This article has multiple issues. Please help improve it or discuss these issues on the talk page. (Learn how and when to remove these template messages)(Learn how and when to remove this template message)
This article needs additional citations for verification. (December 2008) (Learn how and when to remove this template message)
BartPE booted from a Live CD
|Original author(s)||Bart Lagerweij|
|License||Freeware but requires user to have licensed copies of Windows|
BartPE (Bart's Preinstalled Environment) is a discontinued tool that customizes Windows XP or Windows Server 2003 into a lightweight environment, similar to Windows Preinstallation Environment, which could be run from a Live CD or Live USB drive. A BartPE system image is created using PE Builder, a freeware program created by Bart Lagerweij. It requires a legal copy of Windows XP or Windows Server 2003. Additional applications can be included in the image using plugins.
As it often resides on a Live CD or USB drive, BartPE allows a user to boot Windows, even if a hardware or software fault has disabled the installed operating system(s) on the internal hard drive – for instance, to recover files. It can also be used to scan for and remove rootkits, computer viruses and spyware (that have infected boot files), or to reset a lost administrator password.
PE Builder (also known as Bart PE Builder) is the software used to create the BartPE system images.
As with Windows Preinstallation Environment, BartPE operates by loading system registry files into RAM, and not writing any registry changes back to boot media. Thus, both operating systems require no hard drive or network access. This also allows them to be run from non-writable media such as a CD-ROM.
Since each instance of BartPE is a new installation, the BartPE "boot" disk needs original Windows setup files in order to operate. The Bart PE Builder application interprets and condenses files from a Windows setup CD to create the BartPE installation. It can built from a Windows XP Pro or Home Edition CD, or from a preinstalled Windows XP version (without a CD).
Additional applications can be included in the BartPE setup through the use of "plugins". A plugin contains setup information for a specific application, so that it can be included on the media and installed along with Windows at each BartPE boot. Currently there are a few hundred plugins available in addition to the dozen-odd that are included by default with BartPE. Since BartPE represents a totally independent operating environment, the most obvious application examples involve backup, restoration, diagnosis and error-correction of systems with malfunctioning primary storage drives. Plugin programs can nominally be added to the capacity of the BartPE media.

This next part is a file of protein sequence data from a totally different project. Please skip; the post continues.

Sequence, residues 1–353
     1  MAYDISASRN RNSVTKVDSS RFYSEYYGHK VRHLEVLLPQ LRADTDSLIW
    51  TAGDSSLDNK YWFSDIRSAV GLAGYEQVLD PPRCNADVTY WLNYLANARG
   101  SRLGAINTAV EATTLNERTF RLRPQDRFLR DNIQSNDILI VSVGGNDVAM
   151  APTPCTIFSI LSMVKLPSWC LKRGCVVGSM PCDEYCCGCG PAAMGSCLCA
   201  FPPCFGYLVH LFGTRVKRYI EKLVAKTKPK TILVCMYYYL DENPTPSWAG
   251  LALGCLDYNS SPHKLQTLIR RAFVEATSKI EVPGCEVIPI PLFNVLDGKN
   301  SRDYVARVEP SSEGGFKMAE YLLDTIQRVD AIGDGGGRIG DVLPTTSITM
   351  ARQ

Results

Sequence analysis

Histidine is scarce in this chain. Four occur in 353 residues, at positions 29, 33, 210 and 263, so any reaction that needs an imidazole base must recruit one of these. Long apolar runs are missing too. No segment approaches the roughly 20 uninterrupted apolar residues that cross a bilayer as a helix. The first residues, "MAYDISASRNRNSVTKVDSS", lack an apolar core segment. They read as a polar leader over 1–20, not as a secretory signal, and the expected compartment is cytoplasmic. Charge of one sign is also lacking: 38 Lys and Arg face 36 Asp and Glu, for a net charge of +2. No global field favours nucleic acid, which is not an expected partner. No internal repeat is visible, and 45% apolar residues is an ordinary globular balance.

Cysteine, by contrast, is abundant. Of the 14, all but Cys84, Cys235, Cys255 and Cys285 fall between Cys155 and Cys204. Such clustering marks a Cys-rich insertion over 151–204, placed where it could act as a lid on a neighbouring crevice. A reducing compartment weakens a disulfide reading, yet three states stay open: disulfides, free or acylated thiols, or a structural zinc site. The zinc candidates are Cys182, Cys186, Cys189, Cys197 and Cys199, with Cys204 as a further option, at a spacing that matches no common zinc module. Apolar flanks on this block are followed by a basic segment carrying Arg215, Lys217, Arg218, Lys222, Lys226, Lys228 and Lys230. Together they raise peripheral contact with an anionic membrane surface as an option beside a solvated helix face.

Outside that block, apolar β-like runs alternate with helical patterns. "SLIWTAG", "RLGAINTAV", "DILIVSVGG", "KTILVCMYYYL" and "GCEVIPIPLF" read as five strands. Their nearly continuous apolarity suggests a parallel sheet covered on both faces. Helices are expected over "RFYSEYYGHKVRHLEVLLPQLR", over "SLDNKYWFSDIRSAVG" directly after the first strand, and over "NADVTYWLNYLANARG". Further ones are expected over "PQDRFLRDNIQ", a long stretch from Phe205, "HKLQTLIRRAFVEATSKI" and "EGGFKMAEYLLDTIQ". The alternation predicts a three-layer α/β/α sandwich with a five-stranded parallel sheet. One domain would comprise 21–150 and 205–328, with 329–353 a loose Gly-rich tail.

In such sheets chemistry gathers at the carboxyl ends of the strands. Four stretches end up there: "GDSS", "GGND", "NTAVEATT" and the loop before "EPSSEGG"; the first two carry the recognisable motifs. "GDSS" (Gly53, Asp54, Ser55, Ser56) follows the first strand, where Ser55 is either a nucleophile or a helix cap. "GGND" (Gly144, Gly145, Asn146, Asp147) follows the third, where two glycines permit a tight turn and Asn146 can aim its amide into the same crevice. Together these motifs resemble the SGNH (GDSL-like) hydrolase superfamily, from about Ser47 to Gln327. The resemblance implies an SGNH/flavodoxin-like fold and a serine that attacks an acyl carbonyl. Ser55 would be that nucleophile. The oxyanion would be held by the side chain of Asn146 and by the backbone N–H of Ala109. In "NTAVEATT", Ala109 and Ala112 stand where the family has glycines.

BartPE is known to have certain incompatibilities with the Windows XP CDs shipped with most Dell PCs. The Dell versions include changes to the Windows setup files that can cause the BartPE build process to fail. Two patches are currently available to correct the known problems, one to replace SETUPREG.HIV and the other to load a standard iastor.sys.
BartPE cannot create Windows Vista. or Windows 7 Live DVDs.
- Windows PE, the official Microsoft Windows Preinstallation Environment
- WinBuilder, a free application designed to build and customize live CDs based on Windows PE
- Windows To Go
- List of live CDs
- "PE Builder v3 help: Plugin file format". 19 March 2007. Archived from the original on 28 October 2014. Retrieved 2015-05-14.
- "Bart's Preinstalled Environment (BartPE) bootable live windows CD/DVD: Introduction". 2015. Retrieved 14 May 2015.
- "Frequently asked questions (FAQ)". Archived from the original on 18 May 2015. Retrieved 2015-05-14.
- Fred Retread (12 July 2011). "The CD Forum: BartPE For Beginners - Tutorial 1 of 4, Build and burn your first BartPE CD". Archived from the original on 18 May 2015. Retrieved 14 May 2015.
- TwltZone (12 January 2008). "Kaspersky Lab Forum: How to create a Rescue Disk on a Dell system". Retrieved 14 May 2015.
- HUSTED (14 September 2006). "The CD Forum: Bartpe And Vista". Archived from the original on 21 October 2008. Retrieved 14 May 2015.